THE ODD WOMAN

A NOVEL

After all these assertive maidens and housewives, Gail Godwin's The Odd Woman—her major work to date—is very different—just like Jane Clifford, a plain Jane, unfashionable, odd—both single and singular. She has none of the stylish assurance or self-sufficiency of all but one of the people she knows. She's even—God forbid—a romantic, looking for "her best life" while wondering whether one can even have a good one if unattached. With mostly literature to go by (she teaches the English novel in a midwestern college) she would like to find, as George Eliot did, that "Being happy in each other we find everything easy." Thus we come around to the point, or rather go back to it, questioning whether emancipation/enlightenment assures freedom, let alone peace of mind. During the few days here Jane's experiences seem to demand reassessment and a parti pris. She goes home to her grandmother's funeral and picks up pieces of the past: her grandmother, an elegant woman, was never more complete than after she was widowed; her mother has escaped a second impulsive marriage to a rigid, common man via God and the church. While Jane herself leaves for New York to meet Gabriel—her sometime lover, courtesy of the MLA, of two years ("fourteen furtive fucks" as her viciously amusing and defoliating femme-libbing friend Gerda says). Gabriel is not only married but reticent, pedantic and even frugal. There are marvelous scenes whether fantasized or actual and particularized: Jane in Saks trying to buy a dress and leaving it behind in a taxi; or going to see the lonely old man who might have been the ruin of a great-aunt—returned in a coffin. And in the end Jane goes back to school—the anachronism, the odd woman out. May she yet find that best life—perhaps there's no such thing. In lieu of it, settle for a fine book without any of that insular modish sophistication. Gail Godwin achieves a collaboration of the mind and the heart in a novel of experience which can enlarge our own via one of the most appealing young women of many seasons.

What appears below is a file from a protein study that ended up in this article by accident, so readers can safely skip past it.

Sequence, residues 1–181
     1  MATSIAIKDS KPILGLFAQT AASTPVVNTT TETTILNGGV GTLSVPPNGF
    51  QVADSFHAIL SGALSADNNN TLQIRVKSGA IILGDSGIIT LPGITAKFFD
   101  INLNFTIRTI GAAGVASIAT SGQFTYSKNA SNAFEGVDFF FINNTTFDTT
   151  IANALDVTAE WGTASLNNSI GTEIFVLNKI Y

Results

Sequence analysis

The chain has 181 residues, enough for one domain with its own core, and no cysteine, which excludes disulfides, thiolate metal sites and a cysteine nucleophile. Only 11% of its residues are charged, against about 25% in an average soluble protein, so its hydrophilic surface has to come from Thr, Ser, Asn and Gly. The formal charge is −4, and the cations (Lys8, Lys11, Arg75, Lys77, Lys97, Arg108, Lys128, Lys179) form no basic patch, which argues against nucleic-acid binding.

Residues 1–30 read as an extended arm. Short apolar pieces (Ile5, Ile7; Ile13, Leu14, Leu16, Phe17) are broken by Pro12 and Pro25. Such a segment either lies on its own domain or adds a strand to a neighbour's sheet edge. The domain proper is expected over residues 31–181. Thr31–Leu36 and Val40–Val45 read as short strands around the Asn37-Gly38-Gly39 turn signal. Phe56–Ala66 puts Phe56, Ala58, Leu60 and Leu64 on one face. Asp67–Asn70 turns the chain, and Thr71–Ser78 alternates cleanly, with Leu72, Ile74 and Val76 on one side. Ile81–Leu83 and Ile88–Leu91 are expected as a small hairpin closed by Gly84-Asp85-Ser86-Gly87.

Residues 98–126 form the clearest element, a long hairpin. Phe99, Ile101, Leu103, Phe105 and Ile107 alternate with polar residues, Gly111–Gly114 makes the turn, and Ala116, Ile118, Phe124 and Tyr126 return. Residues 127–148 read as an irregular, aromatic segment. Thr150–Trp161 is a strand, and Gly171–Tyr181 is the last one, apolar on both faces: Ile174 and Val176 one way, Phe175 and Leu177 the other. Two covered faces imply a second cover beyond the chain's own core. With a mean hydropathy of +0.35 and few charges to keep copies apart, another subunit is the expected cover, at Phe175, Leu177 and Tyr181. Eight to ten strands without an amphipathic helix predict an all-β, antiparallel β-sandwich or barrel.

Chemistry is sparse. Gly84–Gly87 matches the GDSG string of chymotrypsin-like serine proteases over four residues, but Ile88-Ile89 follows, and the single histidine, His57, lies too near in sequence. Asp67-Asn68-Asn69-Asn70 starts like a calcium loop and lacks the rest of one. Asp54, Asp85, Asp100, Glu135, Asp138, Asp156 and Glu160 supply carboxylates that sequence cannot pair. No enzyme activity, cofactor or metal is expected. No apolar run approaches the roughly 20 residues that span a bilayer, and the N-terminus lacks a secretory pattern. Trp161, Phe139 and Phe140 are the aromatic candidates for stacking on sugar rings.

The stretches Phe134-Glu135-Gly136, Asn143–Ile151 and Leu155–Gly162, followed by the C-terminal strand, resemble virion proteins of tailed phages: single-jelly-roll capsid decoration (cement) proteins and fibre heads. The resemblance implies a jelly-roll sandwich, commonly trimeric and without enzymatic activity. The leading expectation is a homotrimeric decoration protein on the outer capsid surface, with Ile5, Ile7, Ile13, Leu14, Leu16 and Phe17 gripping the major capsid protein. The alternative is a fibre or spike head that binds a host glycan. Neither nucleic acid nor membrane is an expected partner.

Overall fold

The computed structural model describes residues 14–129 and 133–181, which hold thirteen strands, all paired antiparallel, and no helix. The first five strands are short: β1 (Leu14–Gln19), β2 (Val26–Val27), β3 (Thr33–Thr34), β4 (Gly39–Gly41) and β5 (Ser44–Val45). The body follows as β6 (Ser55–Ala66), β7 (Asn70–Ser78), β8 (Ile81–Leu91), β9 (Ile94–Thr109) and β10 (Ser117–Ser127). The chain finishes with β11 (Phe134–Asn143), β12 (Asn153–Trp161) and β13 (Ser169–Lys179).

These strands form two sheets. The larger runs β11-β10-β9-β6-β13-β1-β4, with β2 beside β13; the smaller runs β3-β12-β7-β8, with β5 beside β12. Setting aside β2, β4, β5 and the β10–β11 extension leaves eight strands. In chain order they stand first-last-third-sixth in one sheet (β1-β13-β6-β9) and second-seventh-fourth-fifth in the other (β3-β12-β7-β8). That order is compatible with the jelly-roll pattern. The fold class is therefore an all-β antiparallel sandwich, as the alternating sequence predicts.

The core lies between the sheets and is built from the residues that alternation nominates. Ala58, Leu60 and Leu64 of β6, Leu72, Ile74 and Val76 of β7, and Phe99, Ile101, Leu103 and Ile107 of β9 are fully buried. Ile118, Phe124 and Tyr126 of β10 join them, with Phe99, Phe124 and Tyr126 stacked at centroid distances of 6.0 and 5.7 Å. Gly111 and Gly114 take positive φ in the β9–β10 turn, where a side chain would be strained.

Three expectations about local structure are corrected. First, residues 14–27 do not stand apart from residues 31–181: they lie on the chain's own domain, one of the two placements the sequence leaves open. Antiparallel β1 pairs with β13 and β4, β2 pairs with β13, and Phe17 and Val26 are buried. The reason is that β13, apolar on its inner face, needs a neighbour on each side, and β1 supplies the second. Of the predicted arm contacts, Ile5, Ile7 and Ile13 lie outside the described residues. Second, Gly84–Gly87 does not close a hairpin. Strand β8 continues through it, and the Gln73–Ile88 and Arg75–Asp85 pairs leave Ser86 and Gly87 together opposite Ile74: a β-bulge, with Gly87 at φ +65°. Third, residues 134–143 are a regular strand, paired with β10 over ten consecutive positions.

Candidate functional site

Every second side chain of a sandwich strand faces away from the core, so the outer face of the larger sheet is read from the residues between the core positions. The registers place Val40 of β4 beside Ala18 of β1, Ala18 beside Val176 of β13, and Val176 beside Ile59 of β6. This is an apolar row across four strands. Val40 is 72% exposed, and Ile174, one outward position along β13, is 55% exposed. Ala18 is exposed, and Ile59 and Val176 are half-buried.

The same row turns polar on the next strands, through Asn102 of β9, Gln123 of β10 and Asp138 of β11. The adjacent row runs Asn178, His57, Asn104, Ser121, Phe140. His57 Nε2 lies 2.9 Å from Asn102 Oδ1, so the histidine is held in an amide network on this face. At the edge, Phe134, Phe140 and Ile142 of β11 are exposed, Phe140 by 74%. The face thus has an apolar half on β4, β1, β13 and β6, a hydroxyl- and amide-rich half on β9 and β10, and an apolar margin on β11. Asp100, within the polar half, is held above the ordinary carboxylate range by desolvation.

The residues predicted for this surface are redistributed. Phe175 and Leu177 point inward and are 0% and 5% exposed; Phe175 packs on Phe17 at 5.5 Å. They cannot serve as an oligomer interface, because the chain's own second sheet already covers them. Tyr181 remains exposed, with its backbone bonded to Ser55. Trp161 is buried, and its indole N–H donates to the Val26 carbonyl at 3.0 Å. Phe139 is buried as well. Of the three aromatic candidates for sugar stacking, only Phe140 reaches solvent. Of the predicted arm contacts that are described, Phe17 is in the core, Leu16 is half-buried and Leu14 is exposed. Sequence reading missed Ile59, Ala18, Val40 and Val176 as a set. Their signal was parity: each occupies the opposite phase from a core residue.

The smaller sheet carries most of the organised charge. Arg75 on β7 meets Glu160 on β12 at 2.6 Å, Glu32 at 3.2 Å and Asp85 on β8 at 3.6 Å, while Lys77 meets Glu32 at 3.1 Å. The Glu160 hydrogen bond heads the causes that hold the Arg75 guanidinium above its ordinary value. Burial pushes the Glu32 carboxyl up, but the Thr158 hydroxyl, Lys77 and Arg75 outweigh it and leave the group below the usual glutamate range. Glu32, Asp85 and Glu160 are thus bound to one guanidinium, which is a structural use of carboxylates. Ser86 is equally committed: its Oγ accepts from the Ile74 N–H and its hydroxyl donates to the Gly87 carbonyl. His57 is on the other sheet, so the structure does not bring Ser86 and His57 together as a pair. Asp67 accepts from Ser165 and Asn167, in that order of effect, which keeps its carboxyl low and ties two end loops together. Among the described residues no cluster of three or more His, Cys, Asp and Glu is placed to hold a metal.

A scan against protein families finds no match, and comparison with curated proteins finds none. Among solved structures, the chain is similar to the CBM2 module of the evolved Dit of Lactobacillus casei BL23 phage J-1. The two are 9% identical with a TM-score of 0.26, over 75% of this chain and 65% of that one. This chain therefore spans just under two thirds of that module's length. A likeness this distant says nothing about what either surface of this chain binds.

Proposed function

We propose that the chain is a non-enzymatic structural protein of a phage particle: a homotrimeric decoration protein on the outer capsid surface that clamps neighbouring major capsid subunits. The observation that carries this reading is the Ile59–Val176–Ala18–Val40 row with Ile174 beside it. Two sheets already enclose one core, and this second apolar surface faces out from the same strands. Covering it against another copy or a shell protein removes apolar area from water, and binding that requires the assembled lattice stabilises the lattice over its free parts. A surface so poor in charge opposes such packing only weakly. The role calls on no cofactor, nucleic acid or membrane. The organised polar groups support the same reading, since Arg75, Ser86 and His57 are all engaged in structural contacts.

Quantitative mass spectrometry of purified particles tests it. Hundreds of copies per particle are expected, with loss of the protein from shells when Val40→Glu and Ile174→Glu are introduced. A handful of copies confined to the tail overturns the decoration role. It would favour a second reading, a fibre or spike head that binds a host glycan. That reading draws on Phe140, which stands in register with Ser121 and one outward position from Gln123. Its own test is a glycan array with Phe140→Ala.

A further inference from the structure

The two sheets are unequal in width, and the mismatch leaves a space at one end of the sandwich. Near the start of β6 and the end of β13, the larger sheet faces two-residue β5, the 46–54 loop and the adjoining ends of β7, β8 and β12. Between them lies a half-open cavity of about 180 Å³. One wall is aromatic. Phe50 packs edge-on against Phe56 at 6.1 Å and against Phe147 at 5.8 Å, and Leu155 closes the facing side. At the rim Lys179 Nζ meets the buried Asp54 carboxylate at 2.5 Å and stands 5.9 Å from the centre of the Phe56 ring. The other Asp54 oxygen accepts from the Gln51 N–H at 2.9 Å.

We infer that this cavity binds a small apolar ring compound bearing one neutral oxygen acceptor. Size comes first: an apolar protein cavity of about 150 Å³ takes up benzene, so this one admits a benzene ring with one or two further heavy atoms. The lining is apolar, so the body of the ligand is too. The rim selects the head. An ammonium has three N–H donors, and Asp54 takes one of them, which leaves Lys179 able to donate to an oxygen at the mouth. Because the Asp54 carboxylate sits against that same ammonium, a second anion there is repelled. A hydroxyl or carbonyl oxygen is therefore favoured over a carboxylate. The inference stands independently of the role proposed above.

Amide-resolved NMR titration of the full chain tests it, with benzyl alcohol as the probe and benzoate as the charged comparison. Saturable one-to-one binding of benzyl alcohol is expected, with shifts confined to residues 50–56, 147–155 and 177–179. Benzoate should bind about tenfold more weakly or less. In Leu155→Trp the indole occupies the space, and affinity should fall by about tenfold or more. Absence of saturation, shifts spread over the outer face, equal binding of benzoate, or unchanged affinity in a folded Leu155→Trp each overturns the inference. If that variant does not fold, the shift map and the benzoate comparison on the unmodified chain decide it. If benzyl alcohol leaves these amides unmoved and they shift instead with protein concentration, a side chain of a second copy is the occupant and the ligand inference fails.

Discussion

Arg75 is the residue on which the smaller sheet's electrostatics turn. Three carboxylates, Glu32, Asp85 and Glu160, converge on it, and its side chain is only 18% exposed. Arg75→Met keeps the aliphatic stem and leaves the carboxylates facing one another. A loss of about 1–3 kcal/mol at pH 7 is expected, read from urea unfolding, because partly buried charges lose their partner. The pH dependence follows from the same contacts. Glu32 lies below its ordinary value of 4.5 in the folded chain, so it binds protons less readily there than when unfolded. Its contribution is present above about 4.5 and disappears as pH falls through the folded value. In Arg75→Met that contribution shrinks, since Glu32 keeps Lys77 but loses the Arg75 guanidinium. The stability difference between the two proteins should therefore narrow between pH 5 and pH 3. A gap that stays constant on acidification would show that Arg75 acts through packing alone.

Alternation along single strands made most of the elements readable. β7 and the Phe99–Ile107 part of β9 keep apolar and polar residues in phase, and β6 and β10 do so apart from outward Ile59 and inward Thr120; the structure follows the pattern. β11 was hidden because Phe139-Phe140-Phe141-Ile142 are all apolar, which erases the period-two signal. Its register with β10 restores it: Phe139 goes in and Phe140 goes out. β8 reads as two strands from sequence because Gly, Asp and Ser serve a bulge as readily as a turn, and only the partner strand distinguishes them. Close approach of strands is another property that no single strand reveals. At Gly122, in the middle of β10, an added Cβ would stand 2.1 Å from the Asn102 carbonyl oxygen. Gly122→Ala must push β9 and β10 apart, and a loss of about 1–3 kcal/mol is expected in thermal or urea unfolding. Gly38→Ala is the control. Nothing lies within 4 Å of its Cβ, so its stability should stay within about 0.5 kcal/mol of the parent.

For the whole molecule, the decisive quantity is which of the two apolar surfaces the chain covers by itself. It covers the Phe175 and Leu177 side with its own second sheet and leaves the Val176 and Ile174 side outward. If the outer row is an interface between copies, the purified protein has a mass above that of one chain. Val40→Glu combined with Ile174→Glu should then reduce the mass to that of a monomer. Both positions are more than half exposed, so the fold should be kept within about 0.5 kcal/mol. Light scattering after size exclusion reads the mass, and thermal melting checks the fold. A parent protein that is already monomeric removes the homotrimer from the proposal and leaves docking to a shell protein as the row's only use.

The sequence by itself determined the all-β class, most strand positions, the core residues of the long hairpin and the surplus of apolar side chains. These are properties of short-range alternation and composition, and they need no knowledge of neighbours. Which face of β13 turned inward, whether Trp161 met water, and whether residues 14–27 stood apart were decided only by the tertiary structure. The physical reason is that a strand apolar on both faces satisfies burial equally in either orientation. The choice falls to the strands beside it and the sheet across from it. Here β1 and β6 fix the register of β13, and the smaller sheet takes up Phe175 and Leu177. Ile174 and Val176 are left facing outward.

Pub Date: Sept. 30, 1974

ISBN: 0345389913

Page Count: 464

Publisher: Knopf

Review Posted Online: Sept. 24, 2011

Kirkus Reviews Issue: Sept. 1, 1974

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Kin “[find] each other’s lives inscrutable” in this rich, sharp story about the way identity is formed.

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THE VANISHING HALF

Inseparable identical twin sisters ditch home together, and then one decides to vanish.

The talented Bennett fuels her fiction with secrets—first in her lauded debut, The Mothers (2016), and now in the assured and magnetic story of the Vignes sisters, light-skinned women parked on opposite sides of the color line. Desiree, the “fidgety twin,” and Stella, “a smart, careful girl,” make their break from stultifying rural Mallard, Louisiana, becoming 16-year-old runaways in 1954 New Orleans. The novel opens 14 years later as Desiree, fleeing a violent marriage in D.C., returns home with a different relative: her 8-year-old daughter, Jude. The gossips are agog: “In Mallard, nobody married dark....Marrying a dark man and dragging his blueblack child all over town was one step too far.” Desiree's decision seals Jude’s misery in this “colorstruck” place and propels a new generation of flight: Jude escapes on a track scholarship to UCLA. Tending bar as a side job in Beverly Hills, she catches a glimpse of her mother’s doppelgänger. Stella, ensconced in white society, is shedding her fur coat. Jude, so black that strangers routinely stare, is unrecognizable to her aunt. All this is expertly paced, unfurling before the book is half finished; a reader can guess what is coming. Bennett is deeply engaged in the unknowability of other people and the scourge of colorism. The scene in which Stella adopts her white persona is a tour de force of doubling and confusion. It calls up Toni Morrison’s The Bluest Eye, the book's 50-year-old antecedent. Bennett's novel plays with its characters' nagging feelings of being incomplete—for the twins without each other; for Jude’s boyfriend, Reese, who is trans and seeks surgery; for their friend Barry, who performs in drag as Bianca. Bennett keeps all these plot threads thrumming and her social commentary crisp. In the second half, Jude spars with her cousin Kennedy, Stella's daughter, a spoiled actress.